President-Elect Biden Will Select Xavier Becerra as Secretary of HHS

Will the former California AG have to recuse from all ACA-litigation initiated by participated in?

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According to reports, President-Elect Biden will select Xavier Becerra as the next Secretary of the Health and Human Services. As California Attorney General, Becerra participated in many lawsuits against the Trump Administration, including several cases involving HHS. Perhaps the most notable case is California v. Texas.

Will Becerra recuse from any case he was involved in? For example, would he have to recuse in the never-ending litigation concerning the contraception mandate? And would that recusal extend to the Biden Administration's rescission of the Trump Administration's rescission of the Obama administration's policy? Would Becerra be barred from negotiating any settlements in those cases? In many regards, Becerra's former employment may limit his ability to manage the agency. His Deputy will have a significant amount of responsibility.

There is some precedent here. In early 2017, Democratic Senators called on Scott Pruitt, the former Oklahoma Attorney General, and eventual EPA nominee, to step down from any cases he was involved with. Indeed, Pruitt ultimately recused from certain cases.

I'm certain the Senate will ask Becerra about possible recusals.

Update: In January 2018, Attorney General Becerra, and eleven other Democratic Attorneys General, called on Pruitt to recuse in a climate change rulemaking:

This letter specifically focuses on the lack of due process and fairness resulting from Administrator Scott Pruitt's prejudgment of the outcome of this rulemaking and the procedural failure of EPA to disqualify Administrator Pruitt from all aspects of this rulemaking given his closed mind.2 A new presidential administration may seek to implement different policy preferences through changes in existing regulations. But to maintain the integrity of the rulemaking process, any such changes must be made while adhering to standards intended to ensure that rulemaking processes are fair and rational. Because EPA's CPP repeal rulemaking process violates these standards, EPA must withdraw the proposed repeal.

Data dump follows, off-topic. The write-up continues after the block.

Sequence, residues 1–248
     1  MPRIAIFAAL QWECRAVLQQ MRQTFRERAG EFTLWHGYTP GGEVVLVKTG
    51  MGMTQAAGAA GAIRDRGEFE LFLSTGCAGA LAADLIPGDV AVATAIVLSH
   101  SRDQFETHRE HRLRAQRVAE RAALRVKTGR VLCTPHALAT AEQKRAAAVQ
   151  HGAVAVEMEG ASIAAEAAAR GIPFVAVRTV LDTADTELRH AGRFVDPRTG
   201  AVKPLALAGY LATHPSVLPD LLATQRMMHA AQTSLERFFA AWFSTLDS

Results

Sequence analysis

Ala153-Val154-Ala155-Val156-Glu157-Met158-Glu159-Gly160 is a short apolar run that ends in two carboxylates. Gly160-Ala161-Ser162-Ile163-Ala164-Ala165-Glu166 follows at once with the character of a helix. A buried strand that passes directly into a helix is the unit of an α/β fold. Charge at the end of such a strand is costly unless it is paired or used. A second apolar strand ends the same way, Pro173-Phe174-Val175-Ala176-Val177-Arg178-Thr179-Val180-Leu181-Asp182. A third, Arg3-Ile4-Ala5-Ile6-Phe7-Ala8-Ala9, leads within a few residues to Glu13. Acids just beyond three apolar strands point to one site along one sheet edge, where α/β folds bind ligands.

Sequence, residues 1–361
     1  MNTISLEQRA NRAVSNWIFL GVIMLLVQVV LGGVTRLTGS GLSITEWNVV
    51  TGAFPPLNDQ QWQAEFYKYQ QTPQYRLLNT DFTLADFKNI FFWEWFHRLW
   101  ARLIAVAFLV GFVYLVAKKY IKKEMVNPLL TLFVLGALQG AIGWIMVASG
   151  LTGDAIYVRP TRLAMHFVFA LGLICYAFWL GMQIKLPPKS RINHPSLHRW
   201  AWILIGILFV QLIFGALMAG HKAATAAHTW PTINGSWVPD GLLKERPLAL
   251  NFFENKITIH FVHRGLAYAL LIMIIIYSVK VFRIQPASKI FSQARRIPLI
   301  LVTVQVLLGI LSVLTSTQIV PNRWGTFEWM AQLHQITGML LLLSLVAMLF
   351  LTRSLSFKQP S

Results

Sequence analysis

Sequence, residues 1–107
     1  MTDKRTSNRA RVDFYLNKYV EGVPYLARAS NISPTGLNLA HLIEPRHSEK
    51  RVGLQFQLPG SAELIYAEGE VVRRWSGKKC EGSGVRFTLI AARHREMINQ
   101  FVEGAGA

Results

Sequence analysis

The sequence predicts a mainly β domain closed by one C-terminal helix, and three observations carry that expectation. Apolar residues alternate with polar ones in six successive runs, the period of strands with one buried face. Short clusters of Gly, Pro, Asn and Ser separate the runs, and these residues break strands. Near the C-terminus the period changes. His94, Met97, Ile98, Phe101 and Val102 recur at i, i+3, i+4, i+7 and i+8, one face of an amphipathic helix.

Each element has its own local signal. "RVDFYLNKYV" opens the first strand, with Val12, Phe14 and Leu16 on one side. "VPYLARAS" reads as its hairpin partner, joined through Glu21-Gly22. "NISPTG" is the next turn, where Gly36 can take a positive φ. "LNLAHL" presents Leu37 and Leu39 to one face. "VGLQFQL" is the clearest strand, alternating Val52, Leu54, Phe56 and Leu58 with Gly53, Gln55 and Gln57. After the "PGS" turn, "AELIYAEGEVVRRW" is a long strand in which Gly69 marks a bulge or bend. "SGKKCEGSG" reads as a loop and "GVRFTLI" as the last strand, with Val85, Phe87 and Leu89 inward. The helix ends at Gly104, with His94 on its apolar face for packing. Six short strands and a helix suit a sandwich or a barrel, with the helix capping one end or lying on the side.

Administrator Pruitt decided years ago that the CPP is unlawful and must be eliminated. As Oklahoma Attorney General, he attacked the CPP with detailed legal and factual criticisms. He ceaselessly worked through courts, legislatures, and the media to stop EPA from promulgating and implementing that rule, and he made himself into a prominent leader of the effort to overturn it. Even after 5:40 p.m. on February 17, 2017, the moment when he was sworn in as Administrator and transformed from EPA's rival to its leader, Administrator Pruitt's legal and media campaign against the CPP continued unabated. EPA's proposed CPP repeal would achieve through rulemaking what he failed to achieve through litigation. And it would adopt the specific interpretation of the Clean Air Act, previously rejected by EPA, that Administrator Pruitt has long advanced to restrict EPA's ability to control power plant emissions. On both this interpretation and the legality of the CPP in general, Administrator Pruitt's mind is closed.

These words will be used against Becerra soon enough.